The idea of a “ web” actually came from an activity on connectivity in IDP 316. In this activity, students were sitting in a circle and had to throw a ball of yarn to each other after answering a certain question. The end result was a giant web of yarn that was a physical manifestation of how we are all interconnected. We wondered if we could accomplish this same idea on a very large-scale. What if we could cover Burton Lawn with a giant web? It would be both visually stimulating and really interesting to see how people all around campus share this common thread. We wanted to prototype this and had a series of questions we wanted answered. What materials should we use? Should we get experimental with how we define string? Will we actually be getting people to talk about how they are connected with each other? That is, will this activity go beyond a tangible web? To answer some of these questions, we had to build a prototype. With a piece of recycled wood, a hammer, some nails, yarn, plastic bags ripped into long strips and even a shoelace we brought together essential materials to create this web. On the day of Fall fest we set up shop. We asked people to hammer two nails wherever they pleased and to attach a string between the nails. At first, people were hesitant to use the hammer as it seemed forceful and destructive but eventually got more comfortable as they saw their peers participating. Many called this activity “therapeutic” and “wished that they could do this all the time.” People become playful with how they constructed a path, and many nailed in 3-4 nails at a time. Some even created a path that went over and under other people’s paths. By the end of Fall fest, we had a beautiful display of string in all forms. It was interesting and visually impactful. Future iterations of this prototype should be done on an even larger scale. We can imagine seeing people walk from one end of a room to another to attach their string or be crawling under string like a game of limbo. This would be highly interactive and be able to exhibit physical connections in clear way. Secondly, we would focus more on asking questions to guide the path people create. That is, instead of creating random paths, people would have to opportunity to create something of meaning. The questions would surround a central theme so that we could make sense of the data that makes this giant web.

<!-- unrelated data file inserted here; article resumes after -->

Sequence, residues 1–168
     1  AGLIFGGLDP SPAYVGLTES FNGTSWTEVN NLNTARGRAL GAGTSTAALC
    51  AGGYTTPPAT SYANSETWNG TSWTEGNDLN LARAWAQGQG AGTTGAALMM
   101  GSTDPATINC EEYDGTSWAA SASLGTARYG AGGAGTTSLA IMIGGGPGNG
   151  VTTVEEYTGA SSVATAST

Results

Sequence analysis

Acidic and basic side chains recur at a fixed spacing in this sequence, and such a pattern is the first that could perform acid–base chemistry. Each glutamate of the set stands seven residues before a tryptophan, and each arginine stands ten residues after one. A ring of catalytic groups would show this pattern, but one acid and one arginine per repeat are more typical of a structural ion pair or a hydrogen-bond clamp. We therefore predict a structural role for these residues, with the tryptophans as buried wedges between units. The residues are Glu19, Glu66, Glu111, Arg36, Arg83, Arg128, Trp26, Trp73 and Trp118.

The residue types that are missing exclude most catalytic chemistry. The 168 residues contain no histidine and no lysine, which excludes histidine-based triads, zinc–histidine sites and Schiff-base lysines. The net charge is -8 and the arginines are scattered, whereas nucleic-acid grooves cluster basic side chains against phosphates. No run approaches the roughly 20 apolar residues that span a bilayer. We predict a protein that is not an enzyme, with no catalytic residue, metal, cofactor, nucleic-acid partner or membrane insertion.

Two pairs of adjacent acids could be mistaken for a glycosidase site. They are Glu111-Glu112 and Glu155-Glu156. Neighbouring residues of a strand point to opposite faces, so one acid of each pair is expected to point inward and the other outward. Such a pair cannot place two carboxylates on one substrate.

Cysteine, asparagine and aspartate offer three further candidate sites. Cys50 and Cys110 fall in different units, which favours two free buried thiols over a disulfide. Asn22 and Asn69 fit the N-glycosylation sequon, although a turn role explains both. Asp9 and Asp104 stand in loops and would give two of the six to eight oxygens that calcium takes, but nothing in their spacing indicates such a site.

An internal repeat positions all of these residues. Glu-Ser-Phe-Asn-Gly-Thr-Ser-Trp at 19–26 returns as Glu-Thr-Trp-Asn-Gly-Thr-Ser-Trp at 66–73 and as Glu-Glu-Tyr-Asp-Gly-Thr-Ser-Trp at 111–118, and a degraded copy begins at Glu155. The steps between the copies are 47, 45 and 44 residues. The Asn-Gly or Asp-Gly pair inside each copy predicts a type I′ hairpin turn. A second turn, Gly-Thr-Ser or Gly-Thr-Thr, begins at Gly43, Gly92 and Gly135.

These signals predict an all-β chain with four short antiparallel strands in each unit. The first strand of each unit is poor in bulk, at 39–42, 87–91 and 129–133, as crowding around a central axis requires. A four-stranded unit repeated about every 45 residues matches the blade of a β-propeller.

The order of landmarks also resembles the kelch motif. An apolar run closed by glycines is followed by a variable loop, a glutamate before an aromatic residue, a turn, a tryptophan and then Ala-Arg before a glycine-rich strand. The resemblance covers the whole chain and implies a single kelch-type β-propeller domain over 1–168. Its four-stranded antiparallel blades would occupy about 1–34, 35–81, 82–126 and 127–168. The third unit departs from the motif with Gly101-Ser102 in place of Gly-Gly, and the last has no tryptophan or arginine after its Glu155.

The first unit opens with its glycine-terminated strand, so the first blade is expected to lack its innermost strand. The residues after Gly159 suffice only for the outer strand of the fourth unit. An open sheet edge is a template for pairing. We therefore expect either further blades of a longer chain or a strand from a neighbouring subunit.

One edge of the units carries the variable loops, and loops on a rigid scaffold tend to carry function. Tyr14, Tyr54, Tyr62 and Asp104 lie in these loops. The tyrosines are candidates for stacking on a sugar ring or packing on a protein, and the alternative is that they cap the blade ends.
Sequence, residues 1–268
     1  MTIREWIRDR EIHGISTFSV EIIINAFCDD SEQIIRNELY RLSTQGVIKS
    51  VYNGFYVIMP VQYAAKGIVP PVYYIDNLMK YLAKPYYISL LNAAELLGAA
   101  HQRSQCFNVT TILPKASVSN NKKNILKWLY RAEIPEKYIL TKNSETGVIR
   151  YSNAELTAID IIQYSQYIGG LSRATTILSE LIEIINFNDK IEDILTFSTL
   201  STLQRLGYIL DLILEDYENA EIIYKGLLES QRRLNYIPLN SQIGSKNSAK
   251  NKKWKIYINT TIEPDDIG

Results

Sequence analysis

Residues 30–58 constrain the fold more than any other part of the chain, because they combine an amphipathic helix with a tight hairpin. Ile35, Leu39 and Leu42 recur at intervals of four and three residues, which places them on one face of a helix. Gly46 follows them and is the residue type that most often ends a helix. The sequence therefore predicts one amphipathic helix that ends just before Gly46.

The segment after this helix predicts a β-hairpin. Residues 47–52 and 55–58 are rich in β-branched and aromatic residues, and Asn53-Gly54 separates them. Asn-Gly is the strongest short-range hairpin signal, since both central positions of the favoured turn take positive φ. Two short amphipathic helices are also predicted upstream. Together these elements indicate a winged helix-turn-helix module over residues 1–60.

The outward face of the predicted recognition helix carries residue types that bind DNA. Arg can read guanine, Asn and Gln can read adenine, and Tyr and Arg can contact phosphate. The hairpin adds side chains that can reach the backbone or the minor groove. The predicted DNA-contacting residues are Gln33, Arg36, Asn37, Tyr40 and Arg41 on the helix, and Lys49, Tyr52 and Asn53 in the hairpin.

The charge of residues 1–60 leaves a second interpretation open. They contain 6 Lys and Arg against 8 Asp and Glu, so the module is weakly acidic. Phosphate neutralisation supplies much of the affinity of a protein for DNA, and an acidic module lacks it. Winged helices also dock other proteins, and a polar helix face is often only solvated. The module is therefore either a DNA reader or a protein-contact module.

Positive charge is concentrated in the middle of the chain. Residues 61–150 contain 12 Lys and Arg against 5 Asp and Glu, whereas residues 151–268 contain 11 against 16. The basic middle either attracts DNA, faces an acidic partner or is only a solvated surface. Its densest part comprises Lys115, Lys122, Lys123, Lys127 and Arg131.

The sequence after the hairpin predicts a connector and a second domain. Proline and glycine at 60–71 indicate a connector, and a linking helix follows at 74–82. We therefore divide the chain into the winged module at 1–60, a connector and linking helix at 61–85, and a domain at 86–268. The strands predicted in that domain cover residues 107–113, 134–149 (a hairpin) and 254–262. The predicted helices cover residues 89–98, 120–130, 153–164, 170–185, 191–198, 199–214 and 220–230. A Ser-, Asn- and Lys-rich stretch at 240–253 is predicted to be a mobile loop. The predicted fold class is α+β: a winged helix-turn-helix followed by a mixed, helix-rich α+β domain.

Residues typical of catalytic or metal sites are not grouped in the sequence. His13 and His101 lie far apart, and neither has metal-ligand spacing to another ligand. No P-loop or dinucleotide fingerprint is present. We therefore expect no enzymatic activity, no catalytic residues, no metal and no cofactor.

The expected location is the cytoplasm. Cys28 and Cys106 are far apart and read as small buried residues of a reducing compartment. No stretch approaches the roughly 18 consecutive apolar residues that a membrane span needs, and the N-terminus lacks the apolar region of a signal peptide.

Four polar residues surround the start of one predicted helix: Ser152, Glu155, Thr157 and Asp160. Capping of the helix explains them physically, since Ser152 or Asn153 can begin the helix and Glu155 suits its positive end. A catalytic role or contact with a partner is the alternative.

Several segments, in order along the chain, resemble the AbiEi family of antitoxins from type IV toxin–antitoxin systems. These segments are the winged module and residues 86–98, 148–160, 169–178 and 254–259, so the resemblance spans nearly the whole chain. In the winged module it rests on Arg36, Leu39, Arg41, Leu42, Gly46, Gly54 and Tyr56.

The Weaving Loom
We wanted to make a loom to test what a fiber based project might look like. In particular, we were prototyping weaving in order to eventually create an enclosed, tent-like space that the Smith community could weave together. The loom was constructed with part of an unused wooden box and popsicle sticks. Most of the people passing by Fall Fest were willing to stop by and weave for a minute. We found that everyone liked the idea of something they had made/participated in ending up somewhere public and permanent. Weaving brought up different memories for people who came by of family members, knitting, etc. This project was implicitly connected to feminism- fiber is traditionally connected to mothers, grandmothers, and great-grandmothers making rugs, clothing, and art. In fact, we invited the father of a student to come weave and he looked at us awkwardly and walked away. One drawback we found to weaving is that it was harder for people who had not previously woven to connect to. We found that for some of these people, weaving was connected to a white hippy and summer camp image that made it completely inaccessible. Moving forward, if we used fiber arts we realized we should connect weaving explicitly to non-Western cultures and think about how crafts in general can create an exclusive space.